Howard S. Wright had a good background for its construction of the Washington State Department of Information Services (DIS) Data Center and Office Complex in Olympia, Wash. The company has completed numerous data center/office projects, according to Project Executive Paul Snorsky, and it has a long history with the project’s developer, Wright Runstad & Co. of Seattle.
“We have a successful track record with the developer and we work well together,” Snorsky says. “That’s always helpful on a project.”
This experience and strong relationships, in fact, have set the stage for the successful delivery of the project, he notes. The construction of a data center requires “very intense planning,” Snorsky says, but Howard S. Wright has the capabilities and expertise required to complete the work in a quality manner.
“Coordination and planning is key in a project like this,” Snorsky says. “We’re doing a lot to keep our neighbors and the other nearby state institutions happy, but that’s not a big deal. This project is going well because we’re so well organized.”
Much of this organization comes from Howard S. Wright’s use of BIM, he adds. The company has used BIM technology on numerous other projects, and has found that it informs the schedule, improves constructability issues and enhances communication – all of which are important for successful project delivery.
“We use BIM tools to overlay the structure, and we have GPS equipment on our excavators,” Snorsky explains. “With all of this technology, we can make sure that we’re putting everything in the right place and our work remains organized.”
Work on the DIS Data Center began in August 2009 and is on schedule to be completed this summer. The complex consists of a six-story, L-shaped office building and a three-story west wing that will include the 132,503-square-foot data center. Howard S. Wright also is constructing a two-level, 300-stall underground parking garage and a two-level, structural steel utility building, and is installing sidewalks, bike lanes and a newly landscaped roundabout.
The 245,000-square-foot office complex will have a conference center, training center, a bicycle parking and shower facility, and space for retail and a restaurant or cafeteria. The data center – with cast-in-place exterior walls and steel floor systems – will have four data halls that are engineered at nine megawatts with redundancies built in.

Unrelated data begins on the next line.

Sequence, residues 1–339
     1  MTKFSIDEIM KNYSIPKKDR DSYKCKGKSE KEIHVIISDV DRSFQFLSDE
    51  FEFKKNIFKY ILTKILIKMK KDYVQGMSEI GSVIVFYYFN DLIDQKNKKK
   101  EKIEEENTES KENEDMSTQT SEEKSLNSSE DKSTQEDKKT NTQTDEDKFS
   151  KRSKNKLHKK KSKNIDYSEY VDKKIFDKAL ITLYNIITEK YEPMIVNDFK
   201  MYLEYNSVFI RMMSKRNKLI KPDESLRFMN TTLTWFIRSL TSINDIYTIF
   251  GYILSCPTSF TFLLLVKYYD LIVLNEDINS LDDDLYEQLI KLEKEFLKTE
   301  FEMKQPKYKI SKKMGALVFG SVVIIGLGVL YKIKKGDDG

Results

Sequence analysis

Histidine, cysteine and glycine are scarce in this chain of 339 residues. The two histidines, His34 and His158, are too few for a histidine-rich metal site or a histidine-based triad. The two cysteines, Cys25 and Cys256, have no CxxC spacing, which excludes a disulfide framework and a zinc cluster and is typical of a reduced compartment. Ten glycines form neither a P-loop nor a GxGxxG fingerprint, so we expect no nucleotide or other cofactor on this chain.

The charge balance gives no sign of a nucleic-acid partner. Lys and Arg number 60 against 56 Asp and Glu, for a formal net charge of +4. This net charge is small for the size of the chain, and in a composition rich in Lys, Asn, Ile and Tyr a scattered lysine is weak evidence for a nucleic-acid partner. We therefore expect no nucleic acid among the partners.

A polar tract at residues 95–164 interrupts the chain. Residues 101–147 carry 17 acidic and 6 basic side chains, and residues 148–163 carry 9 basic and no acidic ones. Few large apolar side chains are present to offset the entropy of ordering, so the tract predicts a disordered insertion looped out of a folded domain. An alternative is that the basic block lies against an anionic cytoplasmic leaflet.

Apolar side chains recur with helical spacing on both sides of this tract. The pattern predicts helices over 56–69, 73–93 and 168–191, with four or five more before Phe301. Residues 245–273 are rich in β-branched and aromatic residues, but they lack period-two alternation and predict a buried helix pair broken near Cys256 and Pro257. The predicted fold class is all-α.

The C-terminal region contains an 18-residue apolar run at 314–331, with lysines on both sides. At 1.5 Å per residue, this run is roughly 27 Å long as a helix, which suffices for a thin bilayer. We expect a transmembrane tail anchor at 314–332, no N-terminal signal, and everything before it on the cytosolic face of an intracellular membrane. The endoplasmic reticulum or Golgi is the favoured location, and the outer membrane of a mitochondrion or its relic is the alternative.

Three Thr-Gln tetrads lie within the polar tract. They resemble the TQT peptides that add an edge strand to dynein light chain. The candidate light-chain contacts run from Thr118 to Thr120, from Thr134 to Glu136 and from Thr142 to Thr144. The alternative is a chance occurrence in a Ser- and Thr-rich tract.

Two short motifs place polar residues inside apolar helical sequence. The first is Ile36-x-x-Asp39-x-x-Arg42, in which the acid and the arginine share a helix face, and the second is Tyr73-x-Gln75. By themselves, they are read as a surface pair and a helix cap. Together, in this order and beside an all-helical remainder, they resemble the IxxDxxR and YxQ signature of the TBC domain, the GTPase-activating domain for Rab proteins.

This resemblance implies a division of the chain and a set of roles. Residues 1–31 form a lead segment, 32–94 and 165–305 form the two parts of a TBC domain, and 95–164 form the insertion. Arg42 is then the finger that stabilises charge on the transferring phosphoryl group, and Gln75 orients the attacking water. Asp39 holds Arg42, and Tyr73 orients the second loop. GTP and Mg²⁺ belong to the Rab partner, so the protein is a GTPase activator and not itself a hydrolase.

This project is located on the State Capitol Campus in Olympia, on a site that formerly served as a visitor parking lot. Designed to complement the rest of the campus, the DIS buildings will be clad with stone, glazing and metal.
“The start of the project was a lot of work because we had to complete the mass excavation – 300,000 cubic yards of earth was removed,” Snorsky says. “But the rest of the work has been smooth. Right now, we are finishing the tenant improvements in the offices and completing the lobby finishes, which involves installing very large, custom-made pieces of art glass from Germany. We wrapped up the site and architectural finishes at the end of May and started the punchlist process in June.”
Howard S. Wright has been working in the Pacific Northwest market for more than 125 years. The company says it has become a leader in construction innovation, services and technologies by abiding by its founding principle of “hard work, done right.”
On the DIS project, Howard S. Wright has demonstrated this principle through collaboration, Snorsky says. “We maintain good contact with subs, and get help from the subs to have a good budget from the start,” he says. “We partner with the subs, owner and architect from preconstruction and throughout the project in an integrated fashion, and that helps us deliver quality work, on time and on budget. We are very collaborative – that is how we work through issues.” Howard S. Wright’s key partners include Highley Group and Northwest Millwork.
The use of BIM, he adds, does even more to encourage collaboration. As the project’s general contractor, Howard S. Wright has hosted BIM models for all of the different trades, and it has partnered with the design team throughout the course of construction to ensure all of the work is executed properly.
“We are known for our transparent management of projects, which attracts clients to us,” Snorsky says. “We partner with the owners and designers to find solutions to issues.”